When Glenn Morshower debuted the Arrowverse verison of General Sam Lane, father to Lois and Lucy, on Supergirl, the character was pretty true to how he had traditionally been depicted in the comics. With a conflicted relationship with his daughters, Sam was married to the military, deeply suspicious of aliens in general and of Superman in particular and, generally speaking, one step removed from being Thunderbolt Ross. And that's not to suggest that the Arrowverse was setting out to copy Marvel; rather, that take on the character is pretty well in line with what Sam has been like in the comics since, basically, the mid-'80s when he came out of Crisis on Infinite Earths reinvented as a military man rather than a horse farmer.
In Superman & Lois, there's something dramatically different about Sam Lane -- and it starts and ends with the way he interacts with the title characters. In the series, Lane not only trusts Superman, and works with him openly...but the audience learned in the pilot episode last week that he actually knows that Superman is Clark, and therefore married to his daughter.
These changes came along with a different kind of change: Nip/Tuck and Life Sentence star Dylan Walsh steps into the role of Lane, and brings with him a softer edge than Morshower's take. Here, he says many of the same things that the old Lane would have -- "Superman doesn't get to live a normal life, no matter how much you want one for him -- or for yourself," but it comes off as less harsh, and it feels like his parenting may have been at least somewhat more emotionally open with his daughters. Some of that is the writing, but much of flows from the choices that Walsh is making with the character, and it is ultimately making him less of a caricature and more of a human being.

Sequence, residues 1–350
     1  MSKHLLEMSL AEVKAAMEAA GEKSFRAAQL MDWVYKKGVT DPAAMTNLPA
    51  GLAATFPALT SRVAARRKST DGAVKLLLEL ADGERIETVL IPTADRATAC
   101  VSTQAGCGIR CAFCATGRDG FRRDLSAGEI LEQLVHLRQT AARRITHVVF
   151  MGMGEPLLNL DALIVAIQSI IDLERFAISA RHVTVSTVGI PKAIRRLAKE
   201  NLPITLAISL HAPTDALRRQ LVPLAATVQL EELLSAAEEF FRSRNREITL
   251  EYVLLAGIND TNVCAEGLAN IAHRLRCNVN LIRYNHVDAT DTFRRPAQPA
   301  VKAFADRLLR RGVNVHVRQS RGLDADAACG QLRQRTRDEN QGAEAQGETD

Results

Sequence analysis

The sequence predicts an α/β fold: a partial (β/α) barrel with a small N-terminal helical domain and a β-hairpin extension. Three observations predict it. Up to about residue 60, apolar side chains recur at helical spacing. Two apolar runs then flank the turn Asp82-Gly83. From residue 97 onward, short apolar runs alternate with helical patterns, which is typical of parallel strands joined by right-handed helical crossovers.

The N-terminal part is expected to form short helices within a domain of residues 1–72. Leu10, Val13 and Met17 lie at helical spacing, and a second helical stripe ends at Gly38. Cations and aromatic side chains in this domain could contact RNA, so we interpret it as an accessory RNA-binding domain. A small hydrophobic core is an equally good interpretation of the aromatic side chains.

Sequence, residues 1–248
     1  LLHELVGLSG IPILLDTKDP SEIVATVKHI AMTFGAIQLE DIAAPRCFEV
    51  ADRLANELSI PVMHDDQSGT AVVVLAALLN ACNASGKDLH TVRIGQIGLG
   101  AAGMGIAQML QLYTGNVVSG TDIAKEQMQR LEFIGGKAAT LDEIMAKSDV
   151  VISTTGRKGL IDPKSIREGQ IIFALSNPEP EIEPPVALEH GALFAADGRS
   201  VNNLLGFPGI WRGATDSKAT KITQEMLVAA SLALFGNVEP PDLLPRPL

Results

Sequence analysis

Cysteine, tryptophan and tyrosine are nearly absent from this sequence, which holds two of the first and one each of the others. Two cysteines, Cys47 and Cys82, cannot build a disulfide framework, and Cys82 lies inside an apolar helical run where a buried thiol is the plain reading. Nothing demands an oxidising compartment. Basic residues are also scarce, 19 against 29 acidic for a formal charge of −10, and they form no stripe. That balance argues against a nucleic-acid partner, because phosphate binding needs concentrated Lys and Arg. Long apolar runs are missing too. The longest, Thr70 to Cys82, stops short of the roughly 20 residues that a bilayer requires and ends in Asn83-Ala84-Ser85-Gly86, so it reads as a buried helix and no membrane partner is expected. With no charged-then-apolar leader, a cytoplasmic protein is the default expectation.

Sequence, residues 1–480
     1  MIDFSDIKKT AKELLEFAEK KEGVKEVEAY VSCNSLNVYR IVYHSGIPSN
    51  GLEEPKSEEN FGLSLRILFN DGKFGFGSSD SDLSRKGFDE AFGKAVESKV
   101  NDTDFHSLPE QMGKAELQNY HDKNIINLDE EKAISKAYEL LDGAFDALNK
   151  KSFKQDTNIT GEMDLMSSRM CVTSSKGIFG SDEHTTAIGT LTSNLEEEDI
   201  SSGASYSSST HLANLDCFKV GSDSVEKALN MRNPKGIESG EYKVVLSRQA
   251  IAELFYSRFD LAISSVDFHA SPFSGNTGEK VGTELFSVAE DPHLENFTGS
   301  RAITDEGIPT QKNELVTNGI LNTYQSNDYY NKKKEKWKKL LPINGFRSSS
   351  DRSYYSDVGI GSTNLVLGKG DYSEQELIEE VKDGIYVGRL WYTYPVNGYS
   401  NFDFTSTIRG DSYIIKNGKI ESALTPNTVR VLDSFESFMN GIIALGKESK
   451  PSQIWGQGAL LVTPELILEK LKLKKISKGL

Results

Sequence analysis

Dylan is such a great guy...he's such a great actor," series star Tyler Hoechlin told ComicBook recently. "And I think what we've really enjoyed, and especially for me, the dynamics between Clark, Superman and Lane is so different than any other dynamic on the show for him."
That's not to say that the relationship is -- or will remain -- chummy. Hoechlin did tell us that some of those little moments of frustration from the pilot will continue to pop up between the two men, who are both trying to do their best for their community and the world, but who have very different ideas about how to do it.
"There's a mutual respect there, and there's a mutual sense of duty there," Hoechlin explained. "But at the end of the day, they don't see eye to eye on some things. I think they respect each other's choices, although they don't agree with them. It just comes down to sometimes a matter of priorities, and where those lie for them. And it's not that they don't understand the other one, it's just they choose not to make that same decision, and that obviously is in conflict. But I enjoy that in the sense that I don't think Clark, Superman can blame General Lane for the choices that he makes necessarily, he just doesn't agree -- and the same thing with General Lane. I think he looks at Clark and goes, 'God, those are choices that I wish I felt I could make, there's just something about me that doesn't allow me to do it.' And so there's also maybe a resentment there, like, 'Ah, I wish I could, but I can't.'"
Superman & Lois airs on Tuesday nights at 9 p.m. ET/PT, following episodes of The Flash on The CW.